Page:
To understand what I refer to as the mantle: http://www.gull-research.org/indexelements/topography.htmhttp://www.iesmeulmeester.nl/index.php?id=6
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I assume what you refer to as the mantle are mainly the scapulars (or?). I can easily concede that the scaps look somewhat greyish, but not quite as grey as you would expect for a Citrine. To me, the colour is just not a problem for a worn Yellow wag.
Anyway, there are others details that point towards a Yellow wag: the undertail-coverts are yellow (mainly white in Citrine especially those in the far back), and the face pattern lack the typical pale surround to the ear-coverts. Also, the white wing bars should be more obvious on a Citrine at this time of the year, but this too variable to be completely reliable.
Thanks for the comments TTT. I know what you mean by "mantle" but I have to be honest that I can not see any green on the mantle in this bird. Admittedly there is very little of the mantle visible but what little can be seen of it, looks grey to me.
Regardless, I will certainly not argue that this bird is a Citrine Wag, I think I made my hesitation clear on that. I just wanted to be very sure that, if it does turn out to be a Citrine, we find out early enough so I can go twitch it
Here are Trevor Hardaker's comments on the bird:
Trevor Hardaker wrote:
I am accessing this email from a remote computer (as I was quite interested in seeing the photo as quickly as possible after Dewald's call), so I don't have any reference material here with me at the moment.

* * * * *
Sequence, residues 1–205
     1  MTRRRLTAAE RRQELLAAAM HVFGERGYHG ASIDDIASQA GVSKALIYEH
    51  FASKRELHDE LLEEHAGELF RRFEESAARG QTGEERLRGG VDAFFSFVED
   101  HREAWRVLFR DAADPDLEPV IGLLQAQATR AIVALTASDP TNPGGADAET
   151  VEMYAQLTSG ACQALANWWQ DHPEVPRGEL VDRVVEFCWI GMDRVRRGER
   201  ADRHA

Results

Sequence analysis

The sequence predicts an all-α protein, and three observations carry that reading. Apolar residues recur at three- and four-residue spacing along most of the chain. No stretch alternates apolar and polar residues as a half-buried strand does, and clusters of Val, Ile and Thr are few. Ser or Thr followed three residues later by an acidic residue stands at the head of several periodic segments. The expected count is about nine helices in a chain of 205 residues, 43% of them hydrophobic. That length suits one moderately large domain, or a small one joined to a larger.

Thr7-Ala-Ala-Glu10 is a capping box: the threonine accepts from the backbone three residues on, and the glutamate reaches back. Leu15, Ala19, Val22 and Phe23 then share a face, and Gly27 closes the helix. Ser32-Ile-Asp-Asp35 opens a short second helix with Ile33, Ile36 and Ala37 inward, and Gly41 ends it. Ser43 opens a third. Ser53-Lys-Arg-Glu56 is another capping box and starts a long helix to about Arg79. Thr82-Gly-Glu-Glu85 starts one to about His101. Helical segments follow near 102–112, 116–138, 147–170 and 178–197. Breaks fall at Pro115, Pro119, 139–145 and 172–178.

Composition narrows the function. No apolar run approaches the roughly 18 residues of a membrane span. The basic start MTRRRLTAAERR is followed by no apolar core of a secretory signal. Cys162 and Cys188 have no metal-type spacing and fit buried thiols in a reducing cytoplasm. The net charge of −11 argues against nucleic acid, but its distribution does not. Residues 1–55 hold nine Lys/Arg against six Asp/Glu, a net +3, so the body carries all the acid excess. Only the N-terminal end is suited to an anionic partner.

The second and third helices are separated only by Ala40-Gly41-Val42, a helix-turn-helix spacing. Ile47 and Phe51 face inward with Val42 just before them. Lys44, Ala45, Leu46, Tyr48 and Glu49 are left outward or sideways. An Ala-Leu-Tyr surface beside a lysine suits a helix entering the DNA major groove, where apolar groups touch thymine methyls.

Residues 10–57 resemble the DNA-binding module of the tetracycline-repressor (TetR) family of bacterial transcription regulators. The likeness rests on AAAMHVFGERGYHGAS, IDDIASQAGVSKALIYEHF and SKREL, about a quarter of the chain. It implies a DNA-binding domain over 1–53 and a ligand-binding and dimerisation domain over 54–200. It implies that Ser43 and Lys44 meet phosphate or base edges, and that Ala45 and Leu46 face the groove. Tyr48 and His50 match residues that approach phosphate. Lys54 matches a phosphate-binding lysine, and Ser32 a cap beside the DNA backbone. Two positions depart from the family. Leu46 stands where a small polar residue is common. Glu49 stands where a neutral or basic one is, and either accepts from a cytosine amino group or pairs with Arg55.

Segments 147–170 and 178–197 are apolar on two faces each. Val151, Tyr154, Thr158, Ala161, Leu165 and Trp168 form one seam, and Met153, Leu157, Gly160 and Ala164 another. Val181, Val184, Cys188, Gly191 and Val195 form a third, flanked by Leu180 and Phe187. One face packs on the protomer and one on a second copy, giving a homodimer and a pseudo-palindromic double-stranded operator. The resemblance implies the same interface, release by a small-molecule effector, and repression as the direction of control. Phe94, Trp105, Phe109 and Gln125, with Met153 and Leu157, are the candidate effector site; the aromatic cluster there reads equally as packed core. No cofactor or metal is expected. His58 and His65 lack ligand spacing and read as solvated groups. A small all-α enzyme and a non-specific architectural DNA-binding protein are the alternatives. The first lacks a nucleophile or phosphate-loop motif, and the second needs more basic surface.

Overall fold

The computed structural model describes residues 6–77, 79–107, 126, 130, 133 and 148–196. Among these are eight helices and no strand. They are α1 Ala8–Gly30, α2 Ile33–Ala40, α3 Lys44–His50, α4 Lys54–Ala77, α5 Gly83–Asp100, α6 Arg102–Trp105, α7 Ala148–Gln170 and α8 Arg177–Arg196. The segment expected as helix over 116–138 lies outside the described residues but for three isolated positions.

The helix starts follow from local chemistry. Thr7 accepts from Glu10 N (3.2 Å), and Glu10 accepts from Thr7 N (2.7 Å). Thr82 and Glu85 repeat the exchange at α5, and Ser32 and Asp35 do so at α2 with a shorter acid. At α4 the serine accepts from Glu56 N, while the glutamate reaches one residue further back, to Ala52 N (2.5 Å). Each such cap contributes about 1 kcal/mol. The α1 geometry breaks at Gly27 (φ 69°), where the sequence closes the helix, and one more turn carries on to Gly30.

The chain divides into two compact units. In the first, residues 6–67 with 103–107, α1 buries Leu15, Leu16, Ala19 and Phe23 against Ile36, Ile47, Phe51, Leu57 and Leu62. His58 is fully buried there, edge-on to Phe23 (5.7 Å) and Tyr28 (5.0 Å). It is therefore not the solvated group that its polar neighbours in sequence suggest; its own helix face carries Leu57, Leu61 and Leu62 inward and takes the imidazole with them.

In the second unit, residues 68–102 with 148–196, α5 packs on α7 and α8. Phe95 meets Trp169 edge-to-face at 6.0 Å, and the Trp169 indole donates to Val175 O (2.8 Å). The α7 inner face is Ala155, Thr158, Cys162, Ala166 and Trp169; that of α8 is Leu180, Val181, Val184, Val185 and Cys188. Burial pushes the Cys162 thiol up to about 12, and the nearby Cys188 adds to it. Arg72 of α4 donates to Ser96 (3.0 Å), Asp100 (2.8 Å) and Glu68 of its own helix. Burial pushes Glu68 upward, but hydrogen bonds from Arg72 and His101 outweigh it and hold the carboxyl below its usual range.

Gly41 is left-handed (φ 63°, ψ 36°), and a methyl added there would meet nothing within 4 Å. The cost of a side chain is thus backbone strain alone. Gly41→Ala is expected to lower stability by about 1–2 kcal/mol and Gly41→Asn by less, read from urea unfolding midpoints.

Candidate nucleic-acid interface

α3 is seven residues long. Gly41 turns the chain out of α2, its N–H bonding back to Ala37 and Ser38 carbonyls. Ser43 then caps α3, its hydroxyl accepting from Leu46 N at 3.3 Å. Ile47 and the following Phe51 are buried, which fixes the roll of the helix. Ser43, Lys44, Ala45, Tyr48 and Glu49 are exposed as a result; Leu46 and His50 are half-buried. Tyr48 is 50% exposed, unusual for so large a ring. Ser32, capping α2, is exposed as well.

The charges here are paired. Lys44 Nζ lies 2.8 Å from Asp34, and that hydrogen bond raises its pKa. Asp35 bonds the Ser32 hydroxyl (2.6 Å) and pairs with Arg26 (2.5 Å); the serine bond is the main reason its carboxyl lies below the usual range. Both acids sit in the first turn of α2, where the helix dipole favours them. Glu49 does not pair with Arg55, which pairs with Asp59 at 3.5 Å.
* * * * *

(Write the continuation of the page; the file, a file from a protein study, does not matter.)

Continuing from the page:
However, I believe that this is a Yellow Wagtail (an immature male possibly in its second year) and probably of the race flavissima. The wing bars are not really strong enough to consider Citrine in my opinion which, if memory serves me correctly, will show stronger wing bars than this at all ages. I also feel that the darker ear coverts showing on this bird are more a feature of Yellow rather than Citrine which tends to show a concolourous yellow head.
I need to check the books on ageing, but I have a vague recollection that the younger Yellows might not always show the olive tinges to the back which might explain the colour of the back on your bird. I have a feeling that first summer males tend to be paler yellow underneath than this, but that second summer individuals are brighter, but again, I am working from memory here on a species than I don't get to see terribly often down here in the Western Cape, so I am perhaps not as on top of the ageing issues with this species as I should be due to the lack of time that I get to spend with this species.
When I get home this evening, I will "hit the books" and hopefully be able to come back to you with a slightly more definitive answer, but for the time being, I am fairly convinced that this is a Yellow Wagtail.